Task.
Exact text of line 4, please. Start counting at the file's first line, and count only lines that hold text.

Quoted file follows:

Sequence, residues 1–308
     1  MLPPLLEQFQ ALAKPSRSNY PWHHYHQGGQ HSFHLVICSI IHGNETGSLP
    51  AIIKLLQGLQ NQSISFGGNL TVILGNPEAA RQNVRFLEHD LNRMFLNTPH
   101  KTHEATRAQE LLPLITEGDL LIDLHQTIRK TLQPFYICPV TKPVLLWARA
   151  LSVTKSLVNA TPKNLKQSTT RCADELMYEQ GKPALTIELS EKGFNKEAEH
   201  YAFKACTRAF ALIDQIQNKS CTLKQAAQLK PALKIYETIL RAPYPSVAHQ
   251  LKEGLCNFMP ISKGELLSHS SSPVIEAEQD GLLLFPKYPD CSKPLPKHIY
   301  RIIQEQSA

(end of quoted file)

   101  KTHEATRAQE LLPLITEGDL LIDLHQTIRK TLQPFYICPV TKPVLLWARA